NUVO Weekly - Rita Kohn
"A stunning revelation of the enduring spirit of the decimated residents of the Warsaw Ghetto." —Rita Kohn, NUVO Weekly

Zachary Baker
"Samuel Kassow's book on Ringelblum and Oyneg Shabes is a chef d'oeuvre. I can only marvel at the author's ability to master a bewildering array of primary and secondary sources and write a temperate but impassioned historical study of his own. It is one of the most important studies on the Holocaust to have appeared in years." —Zachary Baker, Reinhard Family Curator of Judaica and Hebraica Collections, Stanford University Libraries

David G. Roskies
"Two major historians meet in this book: one named Ringelblum, the other named Kassow. Drawing on his passion for the past, his revolutionary ethos, his organizational genius, not to speak of his self-discipline, unflagging energy and courage, Emanuel Ringelblum recorded, compiled, and preserved the last chapter of Polish Jewry. Drawing on his vast erudition and moral imagination, Samuel Kassow has rescued this incomparable story. Thanks to him, the Oyneg Shabes Archive is revealed to be the single greatest memory site of east European Jewry." —David G. Roskies, author of Against the Apocalypse

Libraries & Cultural Record Vol. 43 - Matthew Z. Heintzelman
"Kassow has made a major contribution to our understanding of the depth of dedication that librarians and archivists should share toward the preservation of their materials." —Matthew Z. Heintzelman, Libraries & Cultural Record Vol. 43, 2008

New Jersey Jewish News - Jack Fischel
"If there is one book that should be read about the Holocaust, it is Who Will Write Our History?" —Jack Fischel, New Jersey Jewish News, November 13, 2008

booksandideas.net

"[T]he critical success of Kassow's book is perhaps best explained by the fact that it is far more than a straightforward presentation of the archives. It allows us to relive the daily lives of men and women who were brought together by one man's mad undertaking." —booksandideas.net

From the Publisher
"If there is any book that should be read this year (or any year) about the Holocaust it is Who Will Write Our History?" —Jewish Book World, Fall 2008

"Samuel Kassow's book on Ringelblum and Oyneg Shabes is a chef d'oeuvre. I can only marvel at the author's ability to master a bewildering array of primary and secondary sources and write a temperate but impassioned historical study of his own. It is one of the most important studies on the Holocaust to have appeared in years." —Zachary Baker, Reinhard Family Curator of Judaica and Hebraica Collections, Stanford University Libraries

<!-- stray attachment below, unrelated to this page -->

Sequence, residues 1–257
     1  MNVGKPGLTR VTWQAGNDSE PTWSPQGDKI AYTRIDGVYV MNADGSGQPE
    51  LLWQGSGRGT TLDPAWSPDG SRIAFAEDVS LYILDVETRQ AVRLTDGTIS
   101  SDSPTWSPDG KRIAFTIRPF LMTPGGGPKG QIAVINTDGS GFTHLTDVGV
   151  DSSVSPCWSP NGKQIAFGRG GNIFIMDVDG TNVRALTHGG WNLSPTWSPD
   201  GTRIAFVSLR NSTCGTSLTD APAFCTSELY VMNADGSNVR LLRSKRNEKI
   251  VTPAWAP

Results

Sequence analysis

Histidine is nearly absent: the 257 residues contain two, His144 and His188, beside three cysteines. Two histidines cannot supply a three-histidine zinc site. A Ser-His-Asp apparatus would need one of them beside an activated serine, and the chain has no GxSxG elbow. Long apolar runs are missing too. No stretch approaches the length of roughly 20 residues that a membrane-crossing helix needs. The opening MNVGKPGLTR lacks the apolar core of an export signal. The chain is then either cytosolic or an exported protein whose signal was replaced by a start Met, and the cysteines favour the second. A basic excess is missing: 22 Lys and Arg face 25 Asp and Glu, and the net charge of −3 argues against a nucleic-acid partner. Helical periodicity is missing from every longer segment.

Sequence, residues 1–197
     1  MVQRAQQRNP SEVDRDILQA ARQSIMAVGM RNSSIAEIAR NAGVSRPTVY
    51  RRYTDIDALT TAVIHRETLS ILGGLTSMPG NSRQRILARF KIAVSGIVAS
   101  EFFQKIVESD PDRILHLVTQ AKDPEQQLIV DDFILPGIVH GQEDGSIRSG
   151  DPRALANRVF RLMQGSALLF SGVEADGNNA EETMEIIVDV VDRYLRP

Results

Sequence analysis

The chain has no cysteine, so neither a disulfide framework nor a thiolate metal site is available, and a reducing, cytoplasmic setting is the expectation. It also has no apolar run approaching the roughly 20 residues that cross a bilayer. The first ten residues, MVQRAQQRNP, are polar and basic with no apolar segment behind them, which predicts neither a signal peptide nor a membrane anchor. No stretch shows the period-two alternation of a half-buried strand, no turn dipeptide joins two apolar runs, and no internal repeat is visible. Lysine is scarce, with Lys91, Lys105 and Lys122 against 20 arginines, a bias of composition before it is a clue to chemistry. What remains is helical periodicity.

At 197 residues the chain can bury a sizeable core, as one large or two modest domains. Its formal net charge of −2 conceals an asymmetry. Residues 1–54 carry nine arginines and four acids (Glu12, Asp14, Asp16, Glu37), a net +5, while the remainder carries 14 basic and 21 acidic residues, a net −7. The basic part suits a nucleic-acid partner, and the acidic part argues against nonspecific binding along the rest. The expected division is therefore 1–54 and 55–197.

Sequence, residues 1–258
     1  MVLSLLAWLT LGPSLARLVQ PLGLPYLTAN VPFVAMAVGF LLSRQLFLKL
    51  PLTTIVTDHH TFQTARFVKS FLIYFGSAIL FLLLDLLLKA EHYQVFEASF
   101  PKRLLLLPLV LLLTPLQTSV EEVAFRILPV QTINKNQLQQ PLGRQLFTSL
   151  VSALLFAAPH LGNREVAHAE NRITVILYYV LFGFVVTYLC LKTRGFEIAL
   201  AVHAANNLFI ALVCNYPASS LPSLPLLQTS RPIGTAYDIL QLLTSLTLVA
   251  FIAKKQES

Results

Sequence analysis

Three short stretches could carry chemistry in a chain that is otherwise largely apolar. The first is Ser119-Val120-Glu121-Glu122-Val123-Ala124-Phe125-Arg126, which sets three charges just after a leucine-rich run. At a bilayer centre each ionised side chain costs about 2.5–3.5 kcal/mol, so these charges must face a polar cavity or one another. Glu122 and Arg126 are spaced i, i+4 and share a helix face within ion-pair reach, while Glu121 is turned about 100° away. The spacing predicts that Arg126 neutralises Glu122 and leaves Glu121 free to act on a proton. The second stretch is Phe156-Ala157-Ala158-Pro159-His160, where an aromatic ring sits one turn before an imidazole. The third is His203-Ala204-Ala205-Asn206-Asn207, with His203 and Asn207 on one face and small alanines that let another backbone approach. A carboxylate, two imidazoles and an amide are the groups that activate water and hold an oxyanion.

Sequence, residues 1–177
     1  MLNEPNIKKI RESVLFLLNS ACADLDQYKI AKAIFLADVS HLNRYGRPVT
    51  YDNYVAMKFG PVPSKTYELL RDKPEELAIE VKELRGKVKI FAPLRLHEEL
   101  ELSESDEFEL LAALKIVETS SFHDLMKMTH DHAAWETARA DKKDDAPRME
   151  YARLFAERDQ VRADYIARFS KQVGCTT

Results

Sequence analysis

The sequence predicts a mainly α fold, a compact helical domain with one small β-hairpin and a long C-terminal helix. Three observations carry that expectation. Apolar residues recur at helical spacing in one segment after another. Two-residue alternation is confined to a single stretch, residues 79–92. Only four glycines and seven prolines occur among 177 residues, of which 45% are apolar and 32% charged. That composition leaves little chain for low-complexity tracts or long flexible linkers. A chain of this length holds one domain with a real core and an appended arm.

"... one of the most important books I’ve ever read... Kassow has created a stunning and brilliant social history of Polish Jews..." —Bonny V. Fetterman, Reform Judaism

"Kassow has made a major contribution to our understanding of the depth of dedication that librarians and archivists should share toward the preservation of their materials." —Matthew Z. Heintzelman, Libraries & Cultural Record Vol. 43, 2008

"Kassow provides a comprehensive overview and interpretation of the value of Ringelblum's determination to keep alive in memory the ordeal of his fellow Jews." —Forward.com, 4/28/11

"Together, Emanuel Ringelblum and Samuel Kassow help us remember why history matters." —Slavic Review, Winter 2009

Reading Archive
Studies about the Holocaust and memory have generated a considerable scholarship as well on the nature of recordkeeping and archives. Who Will Write Our History may be one of the most important of such studies. . . . the volume provides important insights into the nature of why people, especially in times of great duress, create and maintain historical documents.
—Richard J. Cox, University of Pittsburg
Jewish Foundation for the Righteous
...[B]rings further insight into your continued study of the Holocaust.

Product Details

ISBN-13:
9780253349088
Publisher:
Indiana University Press
Publication date:
06/28/2007
Series:
Helen and Martin Schwartz Lectures in Jewish Studies Series
Edition description:
Annotated
Pages:
568
Sales rank:
782,462
Product dimensions:
6.12(w) x 9.25(h) x 1.45(d)

Meet the Author

Samuel D. Kassow is the Charles Northam Professor of History at Trinity College. He is author of Students, Professors, and the State in Tsarist Russia, 1884–1917 and editor (with Edith W. Clowes) of Between Tsar and People: The Search for a Public Identity in Tsarist Russia. He lives in Hartford, Connecticut.